Baroque and Enlightenment

Portraits of power

Baroque art in Protestant regions of Europe appealed to the artistic aspirations of a new class of wealthy merchants and this was strongly reflected in contemporary portraiture. In the Netherlands, the Dutch East India Company (VOC: de Verenigde Oost-Indische Compagnie) was the financial powerhouse whose profits drove demand for work by artists such as Rembrandt, Hals and Vermeer. Rembrandt’s famous civil guard portrait, popularly known as The Night Watch, marked a turning point in his career.

Eighteen people in the painting paid to be included and others were added by Rembrandt to enhance the composition. Perhaps not coincidentally, Rembrandt purchased a very expensive house at the time of this commission. To learn more about the fascinating Night Watch, listen to this discussion with Dr. Beth Harris and Dr. Steven Zucker of Smarthistory.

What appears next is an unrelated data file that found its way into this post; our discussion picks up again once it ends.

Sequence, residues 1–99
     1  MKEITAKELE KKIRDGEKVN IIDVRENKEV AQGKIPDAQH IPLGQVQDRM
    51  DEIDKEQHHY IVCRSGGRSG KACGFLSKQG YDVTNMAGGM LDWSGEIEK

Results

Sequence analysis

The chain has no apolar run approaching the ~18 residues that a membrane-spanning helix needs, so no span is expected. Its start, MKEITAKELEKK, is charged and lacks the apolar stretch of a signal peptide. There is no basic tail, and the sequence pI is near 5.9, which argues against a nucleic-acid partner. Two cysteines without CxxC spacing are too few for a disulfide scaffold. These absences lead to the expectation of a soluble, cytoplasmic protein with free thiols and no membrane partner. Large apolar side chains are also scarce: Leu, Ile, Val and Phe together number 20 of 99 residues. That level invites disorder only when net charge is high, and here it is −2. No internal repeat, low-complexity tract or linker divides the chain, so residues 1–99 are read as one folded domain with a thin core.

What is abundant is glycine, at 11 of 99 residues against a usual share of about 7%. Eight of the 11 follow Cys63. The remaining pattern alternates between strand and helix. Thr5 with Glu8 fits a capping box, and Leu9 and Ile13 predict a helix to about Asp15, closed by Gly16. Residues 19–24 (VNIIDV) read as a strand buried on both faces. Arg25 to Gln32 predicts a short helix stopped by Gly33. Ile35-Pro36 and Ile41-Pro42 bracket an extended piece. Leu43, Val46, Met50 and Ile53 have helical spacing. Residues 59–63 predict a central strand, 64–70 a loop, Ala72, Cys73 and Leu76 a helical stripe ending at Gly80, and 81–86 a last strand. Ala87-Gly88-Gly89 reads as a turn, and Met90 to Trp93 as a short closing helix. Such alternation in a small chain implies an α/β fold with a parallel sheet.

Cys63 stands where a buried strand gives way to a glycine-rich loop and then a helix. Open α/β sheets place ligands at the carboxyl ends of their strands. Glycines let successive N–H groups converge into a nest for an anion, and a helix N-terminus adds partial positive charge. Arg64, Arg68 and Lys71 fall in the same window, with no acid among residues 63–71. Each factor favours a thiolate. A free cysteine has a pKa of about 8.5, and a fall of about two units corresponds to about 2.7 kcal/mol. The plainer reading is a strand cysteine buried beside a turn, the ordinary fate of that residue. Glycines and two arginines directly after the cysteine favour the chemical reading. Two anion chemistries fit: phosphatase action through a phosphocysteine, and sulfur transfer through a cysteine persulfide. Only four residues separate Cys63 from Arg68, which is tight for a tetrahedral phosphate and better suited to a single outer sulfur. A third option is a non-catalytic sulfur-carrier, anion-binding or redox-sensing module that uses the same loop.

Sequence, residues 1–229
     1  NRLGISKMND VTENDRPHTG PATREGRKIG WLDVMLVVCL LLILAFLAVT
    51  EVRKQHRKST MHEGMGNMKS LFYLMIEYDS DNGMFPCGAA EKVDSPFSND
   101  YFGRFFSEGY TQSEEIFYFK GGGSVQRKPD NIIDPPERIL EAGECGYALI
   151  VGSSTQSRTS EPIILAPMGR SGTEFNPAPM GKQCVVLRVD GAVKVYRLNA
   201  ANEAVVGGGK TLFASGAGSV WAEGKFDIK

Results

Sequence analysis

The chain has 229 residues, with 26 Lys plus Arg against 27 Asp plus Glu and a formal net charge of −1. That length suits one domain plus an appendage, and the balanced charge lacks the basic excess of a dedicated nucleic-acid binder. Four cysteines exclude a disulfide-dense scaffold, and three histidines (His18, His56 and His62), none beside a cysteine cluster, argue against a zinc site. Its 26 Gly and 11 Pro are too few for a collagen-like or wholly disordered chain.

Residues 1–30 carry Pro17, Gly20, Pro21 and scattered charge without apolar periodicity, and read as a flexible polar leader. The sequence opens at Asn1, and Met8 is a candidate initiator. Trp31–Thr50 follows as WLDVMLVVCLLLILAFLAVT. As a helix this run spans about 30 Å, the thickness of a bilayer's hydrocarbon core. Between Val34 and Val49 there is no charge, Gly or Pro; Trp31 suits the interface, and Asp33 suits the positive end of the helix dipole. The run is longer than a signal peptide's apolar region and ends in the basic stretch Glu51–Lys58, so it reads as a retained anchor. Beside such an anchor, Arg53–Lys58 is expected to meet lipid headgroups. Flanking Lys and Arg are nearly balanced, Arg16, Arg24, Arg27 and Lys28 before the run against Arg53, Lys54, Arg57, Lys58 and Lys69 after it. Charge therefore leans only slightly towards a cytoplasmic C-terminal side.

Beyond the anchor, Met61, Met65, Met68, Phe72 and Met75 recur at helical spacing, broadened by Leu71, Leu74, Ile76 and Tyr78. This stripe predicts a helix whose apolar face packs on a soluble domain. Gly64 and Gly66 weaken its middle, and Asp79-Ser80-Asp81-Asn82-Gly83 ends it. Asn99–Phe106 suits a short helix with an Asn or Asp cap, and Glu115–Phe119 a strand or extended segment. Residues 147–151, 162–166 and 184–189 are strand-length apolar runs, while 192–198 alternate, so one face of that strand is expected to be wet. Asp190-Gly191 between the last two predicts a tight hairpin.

Spanish artist Diego Velázquez, working at the Court of Philip IV, produced complex and revolutionary Baroque portraits. In the iconic group portrait Las Meninas, Velázquez reflects both on the Spanish monarchy and on his personal status as an artist. Several centuries after it was created, Las Meninas remains one of the most elusive and most discussed paintings in Western art. It has influenced and inspired a diverse range of artists such as Pablo Picasso, Paula Rego and John Singer Sargent. To learn more about Las Meninas, visit its extensive Wikipedia page.

In 1701, Hyacinthe Rigaud, a French painter of Catalan origins, portrayed a vision of absolute monarchy in his portrait of Louis XIV. The work was commissioned as a gift for Philip V of Spain, Louis XIV’s grandson, but it was so popular at court that it was never sent to Spain.

Every detail of the work is aimed at producing the quintessential image of absolute power: the nobility of the antique setting, the crimson curtain, and the solemnity of the Sun King wearing his coronation robes, embroidered with the royal fleur de lys.

Pomarède Vincent, Musée du Louvre